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“Vocal Advantage: Diagnosing Vocal Issues (part 4)” by Dina Else

As promised here are James McKinney’s next steps in regard to diagnosing vocal faults.
Classification of vocal faults
There are several possible ways to classify vocal faults…
1. Classify them according to their relation to the essential properties or elements of musical sound
2. Classify according to their relation to the physical process involved in the singing act
3. Classify to the part of the vocal mechanism involved
To devise your plan of action asks yourself the following questions:
1. What is wrong with the sound I am hearing?
2. What is causing it to sound that way?
3. What am I going to do about it?
The teacher’s plan of action is to recognize symptoms, determine causes, and devise cures.  In order to recognize symptoms, the teacher will need to evaluate two types of clues; audible ones and visible ones. Whether you teach privately, in the choral setting, or both, you need to be able to evaluating what you are hearing, as well as what you are seeing.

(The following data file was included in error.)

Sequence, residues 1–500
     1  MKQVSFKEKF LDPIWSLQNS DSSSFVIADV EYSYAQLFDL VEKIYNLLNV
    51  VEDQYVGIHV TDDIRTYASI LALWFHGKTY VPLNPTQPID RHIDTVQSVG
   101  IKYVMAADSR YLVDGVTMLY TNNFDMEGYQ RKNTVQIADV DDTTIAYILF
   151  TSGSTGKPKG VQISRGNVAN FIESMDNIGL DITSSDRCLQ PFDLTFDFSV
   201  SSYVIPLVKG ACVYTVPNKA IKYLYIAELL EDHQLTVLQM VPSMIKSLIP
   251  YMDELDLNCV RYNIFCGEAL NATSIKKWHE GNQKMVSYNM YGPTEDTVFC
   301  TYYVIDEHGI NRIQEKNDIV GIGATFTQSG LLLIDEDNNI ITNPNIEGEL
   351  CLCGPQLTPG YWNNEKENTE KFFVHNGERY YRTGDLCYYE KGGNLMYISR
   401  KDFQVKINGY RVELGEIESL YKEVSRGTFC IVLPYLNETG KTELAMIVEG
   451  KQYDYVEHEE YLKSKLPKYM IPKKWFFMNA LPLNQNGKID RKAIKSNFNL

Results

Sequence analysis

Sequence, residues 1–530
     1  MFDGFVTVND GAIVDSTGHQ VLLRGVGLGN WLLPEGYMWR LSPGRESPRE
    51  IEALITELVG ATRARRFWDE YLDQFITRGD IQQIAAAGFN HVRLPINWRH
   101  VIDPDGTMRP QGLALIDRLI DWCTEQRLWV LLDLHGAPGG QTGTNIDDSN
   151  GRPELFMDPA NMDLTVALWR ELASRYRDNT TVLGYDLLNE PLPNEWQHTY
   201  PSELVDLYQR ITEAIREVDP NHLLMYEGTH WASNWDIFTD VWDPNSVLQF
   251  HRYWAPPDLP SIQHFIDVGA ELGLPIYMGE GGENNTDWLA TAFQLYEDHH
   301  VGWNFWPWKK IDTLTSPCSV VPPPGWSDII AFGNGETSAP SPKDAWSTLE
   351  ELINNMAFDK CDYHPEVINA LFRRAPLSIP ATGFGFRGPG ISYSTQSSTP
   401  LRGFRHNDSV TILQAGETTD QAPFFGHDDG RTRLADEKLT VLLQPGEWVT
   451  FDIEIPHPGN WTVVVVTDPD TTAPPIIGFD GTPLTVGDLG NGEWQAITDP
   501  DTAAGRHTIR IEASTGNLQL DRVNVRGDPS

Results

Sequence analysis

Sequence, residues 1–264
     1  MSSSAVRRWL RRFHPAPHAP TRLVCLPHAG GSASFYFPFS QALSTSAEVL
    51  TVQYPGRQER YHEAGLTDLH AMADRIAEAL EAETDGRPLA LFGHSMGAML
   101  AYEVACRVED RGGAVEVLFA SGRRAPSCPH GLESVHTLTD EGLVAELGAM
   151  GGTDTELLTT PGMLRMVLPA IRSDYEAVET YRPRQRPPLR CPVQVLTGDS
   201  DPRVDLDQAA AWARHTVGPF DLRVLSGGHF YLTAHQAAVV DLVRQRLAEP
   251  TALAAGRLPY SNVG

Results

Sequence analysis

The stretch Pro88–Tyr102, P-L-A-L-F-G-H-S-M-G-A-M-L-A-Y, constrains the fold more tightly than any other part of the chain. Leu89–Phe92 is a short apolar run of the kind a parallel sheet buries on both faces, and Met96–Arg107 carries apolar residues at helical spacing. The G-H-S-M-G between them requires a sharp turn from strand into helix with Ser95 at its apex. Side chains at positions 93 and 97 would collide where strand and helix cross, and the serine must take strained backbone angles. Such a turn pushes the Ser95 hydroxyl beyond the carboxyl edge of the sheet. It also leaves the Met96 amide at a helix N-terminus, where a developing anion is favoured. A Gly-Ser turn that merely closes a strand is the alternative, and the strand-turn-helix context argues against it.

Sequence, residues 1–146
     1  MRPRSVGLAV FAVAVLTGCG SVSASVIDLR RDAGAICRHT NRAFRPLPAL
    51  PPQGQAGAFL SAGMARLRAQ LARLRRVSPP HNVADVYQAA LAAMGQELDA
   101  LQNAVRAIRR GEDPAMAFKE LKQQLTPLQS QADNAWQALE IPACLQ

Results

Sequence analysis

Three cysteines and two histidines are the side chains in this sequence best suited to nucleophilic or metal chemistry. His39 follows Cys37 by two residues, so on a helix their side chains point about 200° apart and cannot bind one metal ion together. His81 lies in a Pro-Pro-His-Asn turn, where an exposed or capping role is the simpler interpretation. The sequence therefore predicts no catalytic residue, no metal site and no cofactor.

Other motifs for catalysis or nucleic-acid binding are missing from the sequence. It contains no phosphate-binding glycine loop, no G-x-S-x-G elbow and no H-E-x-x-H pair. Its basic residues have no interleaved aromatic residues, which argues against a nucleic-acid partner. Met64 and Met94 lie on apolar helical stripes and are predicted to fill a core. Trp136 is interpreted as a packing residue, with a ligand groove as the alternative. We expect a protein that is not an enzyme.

From my own personal experience with regard to vocal technique, I know that choral directors tend to zone in on what they are hearing and then secondarily will shift focus to the visual aspect.  I would encourage you to broaden your horizons and start taking in as much information visually as you do aurally.  There is a wealth of information to be had if we just open our eyes and pay attention to what our singers are communicating physically.  Heighten your awareness this week and experience the benefits of this additional set of information!
Join me next week as we conclude this mini-series on the importance of being able to diagnose the vocal technique issues of your singers!
(original posting: December 2, 2013)